A Capehart Scatchard Blog

OPRA Does Not Authorize Anonymous Filings in Superior Court

By on December 11, 2015 in Open Public Records Act with 0 Comments

In a published decision dated September 17, 2015, the New Jersey Appellate Division in A.A. v. Gramiccioni, et al., 442 N.J. Super. 276 (2015) affirmed the trial court’s determination that, under the New Jersey Open Public Records Act (“OPRA”), an individual may not anonymously file a complaint in Superior Court.  OPRA governs the public’s access to government records in New Jersey. Public agencies, including school districts and charter schools, must comply with OPRA, which requires disclosure of a government record unless a specific exception applies. An individual who believes that a public agency improperly denied his or her OPRA request may challenge that determination by filing a complaint in the Superior Court or with the Government Records Council.

A.A. filed an anonymous complaint in Superior Court after the Monmouth County Prosecutor’s Office denied his OPRA request seeking records pertaining to an investigation of a municipal employee who allegedly stole an electric generator. A.A. refused to identify himself and chose to file the complaint using only his initials. The Prosecutor’s Office moved to dismiss the complaint pursuant to Rule 4:26-1 for A.A.’s failure to prosecute in the name of the real party in interest. The Appellate Division agreed with the trial court’s reasoning that while OPRA permits an individual to anonymously request records from a public agency and the Government Records Council accepts anonymous complaints, OPRA does not allow the filing of an anonymous complaint in Superior Court.

The Appellate Division reasoned that the Legislature has not expressly provided OPRA requestors the right to proceed anonymously in Superior Court, unlike other matters, such as those involving child victims or abuse. Moreover, the Appellate Division found that no court rule authorizes an individual to file an anonymous complaint in Superior Court.  Specifically, Rule 1:4-1(a) requires that a complaint in a civil action include the names of all parties absent any express authorization by statute or rule or some compelling reason. A.A. presented no persuasive reason to proceed anonymously, and the Appellate Division affirmed the trial court’s dismissal of the complaint.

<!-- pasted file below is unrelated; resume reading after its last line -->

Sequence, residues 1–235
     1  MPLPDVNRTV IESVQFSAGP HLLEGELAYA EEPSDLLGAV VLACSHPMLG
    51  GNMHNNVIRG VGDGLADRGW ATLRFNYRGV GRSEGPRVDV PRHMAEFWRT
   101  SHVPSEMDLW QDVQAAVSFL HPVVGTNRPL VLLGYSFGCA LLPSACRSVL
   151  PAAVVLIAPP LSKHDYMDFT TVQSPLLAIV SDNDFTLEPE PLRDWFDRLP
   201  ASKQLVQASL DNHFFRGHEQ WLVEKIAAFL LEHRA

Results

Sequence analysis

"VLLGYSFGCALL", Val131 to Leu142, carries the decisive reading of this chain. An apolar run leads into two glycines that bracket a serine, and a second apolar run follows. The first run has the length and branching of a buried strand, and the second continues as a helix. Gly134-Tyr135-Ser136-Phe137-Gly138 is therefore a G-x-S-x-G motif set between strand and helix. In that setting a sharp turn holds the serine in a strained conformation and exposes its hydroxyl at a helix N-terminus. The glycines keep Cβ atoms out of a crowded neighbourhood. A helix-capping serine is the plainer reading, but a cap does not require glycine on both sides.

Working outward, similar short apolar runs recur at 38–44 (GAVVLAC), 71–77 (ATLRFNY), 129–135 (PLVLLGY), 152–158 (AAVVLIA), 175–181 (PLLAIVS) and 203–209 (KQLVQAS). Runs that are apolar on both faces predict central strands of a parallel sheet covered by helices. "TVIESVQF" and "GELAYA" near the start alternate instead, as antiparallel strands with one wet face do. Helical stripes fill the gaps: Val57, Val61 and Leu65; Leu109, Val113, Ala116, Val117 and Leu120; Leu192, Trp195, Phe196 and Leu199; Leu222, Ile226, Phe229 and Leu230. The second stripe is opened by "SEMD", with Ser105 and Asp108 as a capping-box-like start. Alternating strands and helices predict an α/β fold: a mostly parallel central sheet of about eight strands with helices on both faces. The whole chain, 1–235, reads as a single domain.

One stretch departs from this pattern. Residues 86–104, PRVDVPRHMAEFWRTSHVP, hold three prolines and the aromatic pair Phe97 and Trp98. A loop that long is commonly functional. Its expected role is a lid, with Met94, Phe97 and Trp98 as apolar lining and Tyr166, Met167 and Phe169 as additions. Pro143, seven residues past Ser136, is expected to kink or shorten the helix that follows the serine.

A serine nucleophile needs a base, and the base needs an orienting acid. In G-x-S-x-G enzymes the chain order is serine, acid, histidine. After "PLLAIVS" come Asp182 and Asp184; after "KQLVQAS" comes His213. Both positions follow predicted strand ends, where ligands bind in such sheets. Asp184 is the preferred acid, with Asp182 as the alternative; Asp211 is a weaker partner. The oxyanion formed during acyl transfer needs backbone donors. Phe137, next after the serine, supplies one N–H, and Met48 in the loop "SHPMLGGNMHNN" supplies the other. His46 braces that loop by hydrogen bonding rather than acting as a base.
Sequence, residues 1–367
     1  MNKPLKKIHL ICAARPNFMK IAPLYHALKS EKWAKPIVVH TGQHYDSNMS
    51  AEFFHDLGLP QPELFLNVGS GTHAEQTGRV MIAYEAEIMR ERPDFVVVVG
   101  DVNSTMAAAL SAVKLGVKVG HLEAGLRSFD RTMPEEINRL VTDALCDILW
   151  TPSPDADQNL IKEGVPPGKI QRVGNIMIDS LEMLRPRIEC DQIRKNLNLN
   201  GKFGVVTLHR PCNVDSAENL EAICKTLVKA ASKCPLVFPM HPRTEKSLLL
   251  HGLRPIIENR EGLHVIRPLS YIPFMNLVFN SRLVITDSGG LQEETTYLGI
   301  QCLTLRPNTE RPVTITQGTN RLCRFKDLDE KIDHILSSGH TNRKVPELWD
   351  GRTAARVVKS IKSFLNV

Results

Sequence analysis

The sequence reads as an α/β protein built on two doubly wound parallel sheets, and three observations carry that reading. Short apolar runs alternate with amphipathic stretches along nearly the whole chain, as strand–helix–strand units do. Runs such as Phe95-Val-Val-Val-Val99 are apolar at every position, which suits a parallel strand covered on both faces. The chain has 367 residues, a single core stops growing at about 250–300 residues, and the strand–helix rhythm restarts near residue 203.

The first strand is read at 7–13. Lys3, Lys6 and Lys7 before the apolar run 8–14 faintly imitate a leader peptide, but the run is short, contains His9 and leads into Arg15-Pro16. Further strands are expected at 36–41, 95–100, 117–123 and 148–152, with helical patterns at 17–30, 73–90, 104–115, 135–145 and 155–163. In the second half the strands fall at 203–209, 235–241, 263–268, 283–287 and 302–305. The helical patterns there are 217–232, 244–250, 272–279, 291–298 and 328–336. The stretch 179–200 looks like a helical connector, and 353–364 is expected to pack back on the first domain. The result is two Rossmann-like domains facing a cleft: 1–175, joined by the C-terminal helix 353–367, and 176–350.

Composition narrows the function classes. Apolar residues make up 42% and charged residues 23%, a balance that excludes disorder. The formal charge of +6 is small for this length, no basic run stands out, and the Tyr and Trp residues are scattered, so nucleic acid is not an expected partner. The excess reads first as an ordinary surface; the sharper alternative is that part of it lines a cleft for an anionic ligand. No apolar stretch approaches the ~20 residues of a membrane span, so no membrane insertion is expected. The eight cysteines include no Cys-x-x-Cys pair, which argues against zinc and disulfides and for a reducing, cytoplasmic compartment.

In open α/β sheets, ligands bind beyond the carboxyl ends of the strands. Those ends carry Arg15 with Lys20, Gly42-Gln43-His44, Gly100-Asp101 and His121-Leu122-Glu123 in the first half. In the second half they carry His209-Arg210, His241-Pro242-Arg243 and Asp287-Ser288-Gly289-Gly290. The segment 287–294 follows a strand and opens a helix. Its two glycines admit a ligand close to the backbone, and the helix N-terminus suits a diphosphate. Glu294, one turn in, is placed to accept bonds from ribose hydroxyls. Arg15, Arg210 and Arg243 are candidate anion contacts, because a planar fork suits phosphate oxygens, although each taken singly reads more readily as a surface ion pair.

In addition, the Appellate Division also upheld the trial court’s determination to dismiss the plaintiff’s complaint on the grounds that he failed to comply with Rule 4:67.  A.A. filed an action in lieu of prerogative writs to challenge the denial of his OPRA request instead of an Order to Show Cause and Verified Complaint as required by Rule 4:67.

School districts must not deny an OPRA request on the sole basis that the requestor fails to disclose his or her identity. However, if that anonymous individual seeks to challenge a denial of an OPRA request in Superior Court, the school district should seek to dismiss the complaint. The A.A. v. Gramiccioni case serves as a reminder that failure to comply with the procedural and technical filing requirements in Superior Court will lead to dismissal of an OPRA lawsuit.


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About the Author

About the Author:

Sanmathi (Sanu) Dev, Esq. concentrates her practice on the representation of boards of education and charter schools in all areas of school law including: labor and employment, special education, Section 504, student discipline, FERPA, Anti-Bullying Bill of Rights Act, student residency, civil rights, tenure, OPRA, and OPMA. In connection with these representations, she is experienced in handling matters before State and Federal courts, including the Office of Administrative Law. Ms. Dev is an experienced special education litigator and defends school districts in due process hearings from inception through trial. In addition, she has handled matters before governmental agencies, including the U.S. Office for Civil Rights and New Jersey Division on Civil Rights. Ms. Dev routinely conducts training and seminars, drafts policies and manuals, and provides strategic advice to school administrators regarding school law issues. Ms. Dev was recently recognized as one of South Jersey’s Awesome Attorneys as published by South Jersey Magazine. She is licensed to practice law in New Jersey, the District Court for the District of New Jersey and Pennsylvania.


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